It was hot on Sunday. Really hot, and really humid. I feel like Singaporeans need to have more words for heat, the way Eskimos are rumored to have dozens of words for snow. We have hot with a lot of humidity, and less hot but still humid, and hot and humid with a slight breeze. Then there’s hot and sunny, and a bit less hot and cloudy, and hot and humid and threatening rain. A linguist could have a field day with this.
I’m sure I could have made a better choice than to start this particular day climbing the tallest peak in Singapore, but my thoughts were as follows:
- It’s good morning exercise.
- I’ve gotten used to sweating (an easy thought when you’re sitting under your air conditioner).
- The summit, at 538 feet, is really not all that tall.
- The trails to the top were all closed for maintenance when we arrived in Singapore, and they just reopened in late October. Given that I can walk to the trailhead from our apartment, it seemed like high time to explore.
The trail had its perks. First of all, there were macaques — lots of them. I counted about fifteen, including one tiny baby that was clearly just learning to get around the trees. When we first arrived in Singapore, I mostly thought the monkeys were cute, but they can fight with each other and look pretty scary. These guys were hissing and squawking at each other yesterday. Overall, though, I find them fascinating.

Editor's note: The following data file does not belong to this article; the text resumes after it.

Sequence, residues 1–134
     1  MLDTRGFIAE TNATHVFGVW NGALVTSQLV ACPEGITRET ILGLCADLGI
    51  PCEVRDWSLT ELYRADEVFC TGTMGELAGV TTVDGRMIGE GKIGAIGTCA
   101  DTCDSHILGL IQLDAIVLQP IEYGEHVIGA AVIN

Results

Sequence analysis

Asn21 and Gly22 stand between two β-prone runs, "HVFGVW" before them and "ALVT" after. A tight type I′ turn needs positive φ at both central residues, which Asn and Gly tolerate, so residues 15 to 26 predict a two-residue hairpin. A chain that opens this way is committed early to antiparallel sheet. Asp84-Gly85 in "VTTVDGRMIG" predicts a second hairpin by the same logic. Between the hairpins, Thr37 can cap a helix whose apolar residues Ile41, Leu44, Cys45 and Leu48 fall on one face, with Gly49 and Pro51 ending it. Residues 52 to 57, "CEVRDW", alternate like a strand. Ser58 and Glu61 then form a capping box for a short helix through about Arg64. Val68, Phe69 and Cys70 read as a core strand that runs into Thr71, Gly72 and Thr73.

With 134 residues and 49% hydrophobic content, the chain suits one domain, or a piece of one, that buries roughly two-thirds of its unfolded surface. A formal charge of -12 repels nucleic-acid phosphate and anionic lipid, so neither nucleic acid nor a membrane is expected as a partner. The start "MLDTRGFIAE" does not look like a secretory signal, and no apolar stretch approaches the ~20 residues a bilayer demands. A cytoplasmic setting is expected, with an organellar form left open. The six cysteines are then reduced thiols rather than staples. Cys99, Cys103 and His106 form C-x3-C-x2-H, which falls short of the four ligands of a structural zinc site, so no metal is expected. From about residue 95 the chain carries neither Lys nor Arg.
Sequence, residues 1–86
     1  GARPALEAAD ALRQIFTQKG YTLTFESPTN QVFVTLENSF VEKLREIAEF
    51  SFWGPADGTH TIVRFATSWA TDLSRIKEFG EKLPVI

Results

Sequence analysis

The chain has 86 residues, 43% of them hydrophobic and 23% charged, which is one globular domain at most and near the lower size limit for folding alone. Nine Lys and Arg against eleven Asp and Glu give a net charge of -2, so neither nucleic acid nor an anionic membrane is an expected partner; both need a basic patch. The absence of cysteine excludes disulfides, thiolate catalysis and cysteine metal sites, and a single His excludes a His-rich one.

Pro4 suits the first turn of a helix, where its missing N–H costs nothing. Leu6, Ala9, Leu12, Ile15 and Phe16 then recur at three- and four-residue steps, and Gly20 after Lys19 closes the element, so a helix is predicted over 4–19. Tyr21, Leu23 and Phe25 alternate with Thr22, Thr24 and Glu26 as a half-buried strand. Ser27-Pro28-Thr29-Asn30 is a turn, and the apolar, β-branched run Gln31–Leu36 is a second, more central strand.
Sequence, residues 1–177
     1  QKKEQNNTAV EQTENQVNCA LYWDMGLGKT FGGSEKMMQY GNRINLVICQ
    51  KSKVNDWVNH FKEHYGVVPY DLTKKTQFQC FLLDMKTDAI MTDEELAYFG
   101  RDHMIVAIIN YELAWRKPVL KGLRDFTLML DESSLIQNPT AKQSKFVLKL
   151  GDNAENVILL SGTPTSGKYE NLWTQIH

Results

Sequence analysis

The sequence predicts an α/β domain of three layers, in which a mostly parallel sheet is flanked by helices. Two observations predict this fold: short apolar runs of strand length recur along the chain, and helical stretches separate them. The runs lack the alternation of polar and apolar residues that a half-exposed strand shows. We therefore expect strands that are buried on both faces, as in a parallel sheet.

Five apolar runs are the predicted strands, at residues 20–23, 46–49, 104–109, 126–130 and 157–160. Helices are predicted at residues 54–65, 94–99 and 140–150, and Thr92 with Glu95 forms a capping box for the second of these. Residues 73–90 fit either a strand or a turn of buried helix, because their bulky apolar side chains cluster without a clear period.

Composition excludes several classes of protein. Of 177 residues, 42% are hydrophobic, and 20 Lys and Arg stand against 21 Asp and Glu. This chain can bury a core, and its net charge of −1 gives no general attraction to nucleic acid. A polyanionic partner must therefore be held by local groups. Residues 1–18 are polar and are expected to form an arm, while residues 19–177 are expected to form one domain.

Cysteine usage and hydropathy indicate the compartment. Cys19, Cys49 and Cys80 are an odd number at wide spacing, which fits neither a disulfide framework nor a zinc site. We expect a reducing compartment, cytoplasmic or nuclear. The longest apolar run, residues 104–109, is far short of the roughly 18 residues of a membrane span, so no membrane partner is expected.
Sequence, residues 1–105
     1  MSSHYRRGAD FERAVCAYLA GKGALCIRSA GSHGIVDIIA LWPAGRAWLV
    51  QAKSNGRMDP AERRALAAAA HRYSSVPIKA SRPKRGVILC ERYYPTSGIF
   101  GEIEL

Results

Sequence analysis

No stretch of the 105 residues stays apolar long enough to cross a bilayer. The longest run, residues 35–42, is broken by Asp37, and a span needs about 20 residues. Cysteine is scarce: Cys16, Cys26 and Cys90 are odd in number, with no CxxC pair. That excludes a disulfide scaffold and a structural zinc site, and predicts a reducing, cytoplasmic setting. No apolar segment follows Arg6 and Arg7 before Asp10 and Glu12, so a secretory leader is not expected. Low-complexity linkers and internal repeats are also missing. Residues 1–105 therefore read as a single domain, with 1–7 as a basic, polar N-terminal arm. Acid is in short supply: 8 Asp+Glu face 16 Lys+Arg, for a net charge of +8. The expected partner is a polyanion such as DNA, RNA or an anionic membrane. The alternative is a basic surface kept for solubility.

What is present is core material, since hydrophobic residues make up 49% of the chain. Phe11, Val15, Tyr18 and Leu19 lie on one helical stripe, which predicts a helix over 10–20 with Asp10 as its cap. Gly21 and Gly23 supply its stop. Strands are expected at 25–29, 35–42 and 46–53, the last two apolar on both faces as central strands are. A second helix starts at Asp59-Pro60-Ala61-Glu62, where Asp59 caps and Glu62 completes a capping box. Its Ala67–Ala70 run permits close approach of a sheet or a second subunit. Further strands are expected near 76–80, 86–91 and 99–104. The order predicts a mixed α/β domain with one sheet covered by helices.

There were also some amazing plants:
Mostly, though, there were stairs. There were wooden stairs …
… and packed dirt/rock stairs …
… and metal stairs. The newest stairs all have rope hand rails so that the out-0f-shape and the elderly can make it up and down more easily. I think that if the out-of-shape and the elderly can manage this many stairs, they don’t need hand rails.
This trail isn’t especially hard, it’s just brutal, and it makes 538 feet feel like a giant mountain. But I made it to the top:
Note that this picture was taken only after the friendly guy holding my camera insisted, “fun shot, fun shot!”
There’s nothing to see at the summit — it’s entirely ringed by trees. But there are multiple trails (and a no-public-vehicle road) that go up to the top, so once you make it there, you can mill about with about fifty other walkers and hikers and admire the transmission towers.
As with almost every park path in Singapore, the summit trail I chose was groomed to within an inch of its life. So after I came down from the top, I decided to explore a side trail that Prescott and I have taken before. It’s a narrow, little-used path, and just as I was thinking how happy I was to be alone on an authentic hiking trail, a large (2 1/2 feet long) black snake slithered across my path.
When you see a snake slide by right in front of you, and it’s still visible in the woods just feet from your trail, you pull out your phone to see what you might be dealing with. Singapore has multiple dangerous snakes, including pythons. They’re rare, and I haven’t heard of any fatal encounters, but I was still having “uh-oh, no one knows where I am” thoughts. And sure enough, my quick research suggested that I was staring at an equatorial spitting cobra.
The bad news is that these cobras can spit venom up to three feet; they also have a venomous bite. The good news is that they’re not aggressive and would prefer to avoid confrontations. This one stayed in the woods on its side of the trail while I kept a good eight-foot distance, and we both went on unharmed. Definitely more excitement than I’d bargained for.